Why Do This?


Research is vital to any successful program. For coordinators and facilitators to make sure they are

implementing a program effectively, data needs to be gathered and reviewed, and procedures and programming changed or discontinued if ineffective. The Minnesota Prison Doula Project (MNPDP) works in conjunction with researcher Dr. Rebecca Shlafer from University of Minnesota, and today we met her. With the MNPDP doulas providing hours of services and collecting data from willing mothers, Dr. Shlafer analyzes the birth outcomes for incarcerated mothers and their babies. Because of the coordination between the doulas, this researcher, and incarcerated mothers, the evidence of positive outcomes from the MNPDP program has played a role in creating a pregnancy anti-shackling law in Minnesota. This means that by law, incarcerated mothers in Minnesota are no longer allowed to be shackled in custody while pregnant and have full access to postnatal education services. There are only 18 states that have a similar law in place.

We also made a visit to the Ramsey County Jail this afternoon. MNPDP has reached beyond state prisons at the request of mothers within the prison. Why? Because many women spend time in county facilities awaiting trial or sentencing. Their time in county facilities is much different, and the lower amount of programming offered in most facilities is generally blamed on the short stay of the persons in custody. Except, fortunately, Ramsey County. The MNPDP brought doula support services to several county correctional and holding facilities and is seeking to expand to others, but the program shift from prison to jails is an entirely new system. Jails have high turnover rates, making everything from doula-client connection to paperwork much more complicated. Although this is a new and different environment, the Ramsey County jail has plenty of programming in place for their women. They offer options for the women from the MNPDP doula services to culinary classes and certification. Coordinating these programs is a social worker seeking to offer therapeutic and educational services to the women for however brief or extended of a period they sit in the jail. An on-site doula and counselor meets with women in individual sessions to listen and check-in with the women, and they are building opportunities for face-to-face visiting with children. Currently they must see their kids via a computer screen.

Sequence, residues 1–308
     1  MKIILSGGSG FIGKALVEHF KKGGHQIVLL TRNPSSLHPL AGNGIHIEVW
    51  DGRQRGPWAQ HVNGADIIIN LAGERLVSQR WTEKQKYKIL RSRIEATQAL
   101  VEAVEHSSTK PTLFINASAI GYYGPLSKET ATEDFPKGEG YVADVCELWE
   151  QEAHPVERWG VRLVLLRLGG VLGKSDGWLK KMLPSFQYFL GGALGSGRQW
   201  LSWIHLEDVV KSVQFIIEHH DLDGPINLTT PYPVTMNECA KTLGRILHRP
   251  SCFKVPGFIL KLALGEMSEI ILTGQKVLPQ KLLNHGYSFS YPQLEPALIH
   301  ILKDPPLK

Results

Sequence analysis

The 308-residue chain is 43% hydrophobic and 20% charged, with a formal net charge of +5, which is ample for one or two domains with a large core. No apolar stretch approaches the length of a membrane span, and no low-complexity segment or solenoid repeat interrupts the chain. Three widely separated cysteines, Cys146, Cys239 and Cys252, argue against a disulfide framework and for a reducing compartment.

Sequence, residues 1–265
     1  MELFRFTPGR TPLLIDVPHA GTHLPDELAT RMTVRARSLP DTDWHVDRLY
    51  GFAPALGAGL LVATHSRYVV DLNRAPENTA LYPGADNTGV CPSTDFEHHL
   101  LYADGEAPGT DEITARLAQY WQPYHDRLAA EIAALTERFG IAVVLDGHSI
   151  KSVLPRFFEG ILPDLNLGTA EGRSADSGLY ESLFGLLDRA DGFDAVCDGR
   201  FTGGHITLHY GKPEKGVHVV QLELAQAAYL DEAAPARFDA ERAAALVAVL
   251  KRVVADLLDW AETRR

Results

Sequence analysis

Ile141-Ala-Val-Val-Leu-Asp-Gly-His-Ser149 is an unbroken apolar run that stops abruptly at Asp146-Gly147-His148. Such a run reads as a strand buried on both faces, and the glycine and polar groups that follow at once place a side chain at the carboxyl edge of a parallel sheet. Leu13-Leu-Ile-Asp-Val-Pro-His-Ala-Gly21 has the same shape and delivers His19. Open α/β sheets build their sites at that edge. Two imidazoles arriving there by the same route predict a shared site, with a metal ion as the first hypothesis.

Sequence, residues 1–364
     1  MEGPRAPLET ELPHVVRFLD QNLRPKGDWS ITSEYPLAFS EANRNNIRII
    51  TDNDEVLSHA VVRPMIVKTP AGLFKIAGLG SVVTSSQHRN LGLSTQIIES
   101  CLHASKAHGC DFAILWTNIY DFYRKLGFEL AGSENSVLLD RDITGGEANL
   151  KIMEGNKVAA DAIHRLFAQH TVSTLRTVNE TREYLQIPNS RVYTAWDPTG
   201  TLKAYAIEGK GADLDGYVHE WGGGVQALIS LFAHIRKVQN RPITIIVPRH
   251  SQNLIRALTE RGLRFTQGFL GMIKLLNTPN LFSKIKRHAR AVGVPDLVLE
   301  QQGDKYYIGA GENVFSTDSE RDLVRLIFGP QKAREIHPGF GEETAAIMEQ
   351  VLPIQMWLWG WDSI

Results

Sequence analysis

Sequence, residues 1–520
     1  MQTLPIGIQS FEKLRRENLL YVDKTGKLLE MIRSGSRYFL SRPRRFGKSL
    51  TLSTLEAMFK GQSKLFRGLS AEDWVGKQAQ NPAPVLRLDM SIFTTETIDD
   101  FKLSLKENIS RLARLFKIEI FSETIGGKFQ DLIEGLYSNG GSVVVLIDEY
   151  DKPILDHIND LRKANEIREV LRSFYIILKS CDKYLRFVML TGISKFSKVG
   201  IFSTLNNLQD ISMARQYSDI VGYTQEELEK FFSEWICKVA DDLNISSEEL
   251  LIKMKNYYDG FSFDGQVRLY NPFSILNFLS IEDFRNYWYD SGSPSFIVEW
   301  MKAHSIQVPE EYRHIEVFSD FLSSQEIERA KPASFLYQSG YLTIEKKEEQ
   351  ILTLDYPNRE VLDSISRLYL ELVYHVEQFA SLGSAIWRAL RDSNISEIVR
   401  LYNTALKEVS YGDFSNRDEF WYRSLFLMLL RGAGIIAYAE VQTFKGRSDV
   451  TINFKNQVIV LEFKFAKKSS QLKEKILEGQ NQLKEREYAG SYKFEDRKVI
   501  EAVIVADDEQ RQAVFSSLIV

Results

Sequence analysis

Let’s back up and take a quick look at why so many mothers are incarcerated. Mandatory drug sentencing laws in the mid 80’s created an explosion in female incarceration rates, over 600%, in the following decades. There isn’t a lot of published research about incarcerated mothers, but we are learning that nearly 80% of women in custody are mothers of children of all ages, and 3-4% of them come in pregnant. Three fourths of women who encounter the justice system have a history of trauma, both physical and sexual, and the level of mental illness is disproportionately higher among them, as well as rates of chemical dependency.